How should we relate to the traditional historiography on ancient Sicily? The prevailing view has been that the indigenous population had neither territory, power nor economic resources.
But with the aid of interdisciplinary methods, a new thesis shows that trade was a big part of the economy for the inhabitants of the settlement of Monte Polizzo.
In general, historiography concerning ancient Sicily is overwhelmingly Greco-centric, i.e. focused on its Greek immigrants. Because the indigenous population’s architectonic remains are relatively invisible, whilst those of the Greek immigrants are monumental, the accepted historiography has been that the indigenous population had neither territory, power nor economic resources.
It was instead accepted that as soon as the Greeks had established themselves on the island (on the western side in 628 BCE) they colonised and controlled the majority of the Sicilian lowlands, the economy and thus also the indigenous population.
This outlook has contributed to an imbalance and a distorted picture of the role of the indigenous population – the people that Greek historian Thukydides called the Elymians – in the natural, cultural and economic landscapes of western Sicily during the Archaic period (700-500 BCE), according to Cecilia Sandström, a doctoral student in classical archaeology and ancient history at the University of Gothenburg.
“My aim with the thesis was to shift the focus. The indigenous population should not be viewed as a homogeneous group but as independent actors with their own agendas, tastes and preferences.”
Monte Polizzo abandoned after a fire
The site of her study is the Elymian settlement of Monte Polizzo, situated in western Sicily and strategically positioned on a mountain, about 700 metres above sea level and around 20 km from the west coast – midway between the Phoenician settlement of Motya, the Greek settlement of Selinunte and the bigger Elymian settlement of Segesta.
“Monte Polizzo was only inhabited for 75 years, between 625 and 550 BCE. The roughly 20 hectare settlement was abandoned after a major fire that destroyed every building except the religious temple at the acropolis.”
Cecilia Sandström has used interdisciplinary methods in her study. In addition to the archaeological material, which clearly shows trade contacts with the various peoples of the Mediterranean, she used palynological, macrobotanical and geomorphological analyses of the neighbouring landscape, and charted the conditions for trade at the site. A further important factor was her investigation of whether the rivers were navigable and could be used as transport routes.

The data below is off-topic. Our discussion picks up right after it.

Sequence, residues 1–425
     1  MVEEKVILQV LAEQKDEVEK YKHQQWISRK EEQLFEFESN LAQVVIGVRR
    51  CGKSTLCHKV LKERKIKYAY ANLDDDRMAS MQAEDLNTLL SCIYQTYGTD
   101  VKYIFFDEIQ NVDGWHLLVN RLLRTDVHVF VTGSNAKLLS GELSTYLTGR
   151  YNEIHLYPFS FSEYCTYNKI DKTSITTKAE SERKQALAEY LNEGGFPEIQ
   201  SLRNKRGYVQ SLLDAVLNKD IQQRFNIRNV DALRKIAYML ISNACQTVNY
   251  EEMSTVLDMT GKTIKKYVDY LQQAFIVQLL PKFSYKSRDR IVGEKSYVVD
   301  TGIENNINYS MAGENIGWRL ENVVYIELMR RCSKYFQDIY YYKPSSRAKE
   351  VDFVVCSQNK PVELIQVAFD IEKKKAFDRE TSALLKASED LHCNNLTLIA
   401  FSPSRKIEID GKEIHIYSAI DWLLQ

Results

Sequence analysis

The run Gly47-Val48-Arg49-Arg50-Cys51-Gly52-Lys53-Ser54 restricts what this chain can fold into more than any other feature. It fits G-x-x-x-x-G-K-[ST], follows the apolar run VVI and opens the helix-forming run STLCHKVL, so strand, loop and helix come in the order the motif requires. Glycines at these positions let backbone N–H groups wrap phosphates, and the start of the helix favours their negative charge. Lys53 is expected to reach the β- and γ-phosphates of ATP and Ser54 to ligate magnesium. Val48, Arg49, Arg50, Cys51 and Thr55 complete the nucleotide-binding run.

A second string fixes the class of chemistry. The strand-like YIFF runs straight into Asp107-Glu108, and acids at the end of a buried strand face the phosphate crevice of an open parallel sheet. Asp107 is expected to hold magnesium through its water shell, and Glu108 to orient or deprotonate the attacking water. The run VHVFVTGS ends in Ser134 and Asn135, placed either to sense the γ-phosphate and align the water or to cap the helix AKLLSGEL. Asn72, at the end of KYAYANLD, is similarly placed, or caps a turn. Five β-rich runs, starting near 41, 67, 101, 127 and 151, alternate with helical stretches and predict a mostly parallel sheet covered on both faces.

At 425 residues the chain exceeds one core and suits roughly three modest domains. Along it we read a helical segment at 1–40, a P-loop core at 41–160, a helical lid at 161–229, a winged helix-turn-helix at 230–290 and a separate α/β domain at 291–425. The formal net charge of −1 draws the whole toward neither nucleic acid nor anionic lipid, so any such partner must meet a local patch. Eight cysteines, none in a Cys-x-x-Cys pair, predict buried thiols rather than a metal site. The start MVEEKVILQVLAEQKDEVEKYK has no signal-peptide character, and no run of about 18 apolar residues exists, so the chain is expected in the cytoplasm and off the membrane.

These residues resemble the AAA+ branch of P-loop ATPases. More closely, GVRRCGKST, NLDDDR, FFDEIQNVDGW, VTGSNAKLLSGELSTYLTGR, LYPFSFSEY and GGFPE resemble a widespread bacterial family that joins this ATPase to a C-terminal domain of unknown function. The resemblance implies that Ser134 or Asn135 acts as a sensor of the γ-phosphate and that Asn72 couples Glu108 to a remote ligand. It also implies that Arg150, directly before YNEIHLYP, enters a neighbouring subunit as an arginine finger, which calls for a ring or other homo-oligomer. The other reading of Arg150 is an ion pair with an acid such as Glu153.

“The inhabitants of Monte Polizzo were themselves active traders,” says Cecilia Sandström.
Large number of amphorae
The large number of imported transport amphorae (the two-handled vessels that were common in ancient times) deviate from the fairly modest amphorae material found at other indigenous settlements in the area.
“A common idea in the research tradition is that the content of these imported amphorae was only for the elite, who often received them as gifts from Greeks and Phoenicians, but there is no evidence for this gift-giving system at Monte Polizzo. The findings instead show that trading was an important part of the settlement’s economy.”
A very unusual factor in comparison with Greek, Phoenician and other Elymian settlements in western Sicily is the fact that a very large number of amphorae (mostly Etruscan) are scattered across the whole settlement – not just in temples and ‘wealthy’ houses.
“The variation in the origins of the amphorae also shows that the people there had access to different networks that could be indirectly reached through the Greek and Phoenician settlements. But the study also shows that there were many opportunities for direct contacts via the rivers’ estuaries.”
Ecological and economic conditions
Studies of the ecological and economic conditions in the area investigated reveal unique findings.
“The fact that the local economy at Monte Polizzo comprised animal husbandry and agricultural products, which were possibly exported together with timber, is not surprising per se. River sediment analyses, however, show that in fact they totally deforested their surrounding area, and that they farmed the land so intensively that the fertile, humus-rich soil was completed eroded away in less than 75 years.”
Furthermore, the geomorphological studies show that large parts of the area between the west coast and the interior where Monte Polizzo was situated started to turn into marshes.
“But whether diseases such as ‘Mal’aria’, which is documented in Sicily during the 5th century BCE, were already rife as early as in the 6th century BCE cannot yet be proven. In combination with the deforestation and the less fertile soil left behind by the Elymians, this was perhaps reason enough to leave the site, and meant that it was never settled again.” Find out more